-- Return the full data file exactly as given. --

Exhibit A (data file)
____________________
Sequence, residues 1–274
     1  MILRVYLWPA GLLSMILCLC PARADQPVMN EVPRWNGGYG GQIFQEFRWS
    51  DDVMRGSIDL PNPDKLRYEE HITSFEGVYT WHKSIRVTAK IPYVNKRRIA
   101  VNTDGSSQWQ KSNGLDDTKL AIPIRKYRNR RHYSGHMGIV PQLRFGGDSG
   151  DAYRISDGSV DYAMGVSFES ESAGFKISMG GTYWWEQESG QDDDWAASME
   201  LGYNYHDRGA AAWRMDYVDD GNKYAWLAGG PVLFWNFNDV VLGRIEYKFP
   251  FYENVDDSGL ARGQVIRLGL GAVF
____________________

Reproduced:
Sequence, residues 1–274
     1  MILRVYLWPA GLLSMILCLC PARADQPVMN EVPRWNGGYG GQIFQEFRWS
    51  DDVMRGSIDL PNPDKLRYEE HITSFEGVYT WHKSIRVTAK IPYVNKRRIA
   101  VNTDGSSQWQ KSNGLDDTKL AIPIRKYRNR RHYSGHMGIV PQLRFGGDSG
   151  DAYRISDGSV DYAMGVSFES ESAGFKISMG GTYWWEQESG QDDDWAASME
   201  LGYNYHDRGA AAWRMDYVDD GNKYAWLAGG PVLFWNFNDV VLGRIEYKFP
   251  FYENVDDSGL ARGQVIRLGL GAVF